...how much could the introduction of tiered treatment cramp your style?

If tiered treatment becomes standard practice as a result of NHS contract reform nearly two thirds of dentists are likely to leave the NHS***. The challenge would be how to validate dentists who are competent through experience but not necessarily equipped with formal qualifications. 

Potentially it’s a great leveller, preventing many NHS dentists from undertaking more complex work without further training, assessment and almost inevitably, cost.

6. Dental Contract Reform Pilots, Notes to support Care Pathway Approach, Department of Health, pre-publication copy.
*** Denplan NHS Survey, May 2016

If composite becomes the restorative material of choice...7

...what choice will you have when it comes to filling your private practice?

For 66%**** of NHS dentists, the ability to offer composite fillings on posterior teeth for cosmetic reasons outside the NHS contract, is fundamental to maintaining the profitability of their practice.

No longer on the curriculum of leading European dental schools, the long-term viability of amalgam as the NHS material of choice remains uncertain. Fortunately, the choice for dentists wanting to secure their future is more black and white.

7. Dental Contract Reform Pilots, Notes to support Care Pathway Approach, Department of Health, pre-publication copy.
**** Denplan NHS Survey, May 2016

If UDA under-performance inevitably led to clawback and re-basing of contracts…8

…how would a change in your base-line impact your bottom line?

Last year more than 62% of NHS practice principals found meeting their NHS targets demanding.

This year, or next year, missing UDA targets by a few hundred units could have significant consequences: most serious, a re-basing of NHS contracts, at best, a clawback, although how much remains impossible to predict, dependent on the approach of local area teams.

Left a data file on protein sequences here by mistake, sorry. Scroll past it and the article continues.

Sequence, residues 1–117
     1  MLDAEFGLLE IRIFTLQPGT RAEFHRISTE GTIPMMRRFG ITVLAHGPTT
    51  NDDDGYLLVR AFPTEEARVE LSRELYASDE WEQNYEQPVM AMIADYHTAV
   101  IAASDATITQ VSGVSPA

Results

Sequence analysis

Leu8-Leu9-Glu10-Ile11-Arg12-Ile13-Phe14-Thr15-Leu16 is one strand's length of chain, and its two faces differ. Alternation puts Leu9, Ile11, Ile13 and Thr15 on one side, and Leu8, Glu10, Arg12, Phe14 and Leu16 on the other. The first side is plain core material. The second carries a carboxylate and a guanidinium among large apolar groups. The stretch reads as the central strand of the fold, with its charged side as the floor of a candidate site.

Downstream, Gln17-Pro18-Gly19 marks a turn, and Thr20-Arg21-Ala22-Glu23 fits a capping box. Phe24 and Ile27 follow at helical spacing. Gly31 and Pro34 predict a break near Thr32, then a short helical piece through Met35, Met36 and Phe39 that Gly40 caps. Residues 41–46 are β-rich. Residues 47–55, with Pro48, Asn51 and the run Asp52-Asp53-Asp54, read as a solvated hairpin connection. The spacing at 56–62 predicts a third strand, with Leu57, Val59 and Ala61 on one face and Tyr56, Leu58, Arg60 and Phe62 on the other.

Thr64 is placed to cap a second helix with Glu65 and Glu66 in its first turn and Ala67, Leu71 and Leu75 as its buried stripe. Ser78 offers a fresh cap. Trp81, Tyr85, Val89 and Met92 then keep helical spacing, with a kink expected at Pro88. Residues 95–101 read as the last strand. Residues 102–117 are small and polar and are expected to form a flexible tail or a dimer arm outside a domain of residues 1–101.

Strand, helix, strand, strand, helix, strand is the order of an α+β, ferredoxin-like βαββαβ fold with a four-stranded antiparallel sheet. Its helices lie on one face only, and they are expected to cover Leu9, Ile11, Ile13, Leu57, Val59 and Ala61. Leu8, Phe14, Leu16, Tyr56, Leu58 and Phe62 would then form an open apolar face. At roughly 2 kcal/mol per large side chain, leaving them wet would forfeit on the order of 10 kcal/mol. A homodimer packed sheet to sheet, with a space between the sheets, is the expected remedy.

8. The Dental Assurance Framework 
† Source: BDA Surveys of Practice Owners 2015 Base: Practice owners Denplan has always helped dentists navigate major contract reform. 

If the NHS dental budget fell over the next five years...9

...how would that impact the value of your NHS dental contract?

If all things were equal, in real terms, you might expect to feel a squeeze to your business. And dentistry will be competing against other essential services, such as community pharmacy, public health and the armed forces for a bigger share of a smaller pie. 

So even when you have all the figures, the extent of the impact on NHS dentists still remains anybody’s guess. At Simplyhealth Professionals, we help minimise the guesswork, helping thousands of dentists to stay in front, prepared for the unexpected, supported with a steady, regular income stream, resilient through efficiency and growth.

9. A budget paper approved by the Board of NHS England in December showed that, ‘other directly commissioned’ services, which include dentistry, would see funding reduced by 3.4% from 2016 to 2021.

With our extensive experience and best-in-class support services we have been there to help thousands of dentists stay in front. Don’t fall behind. Let us help you stay in front.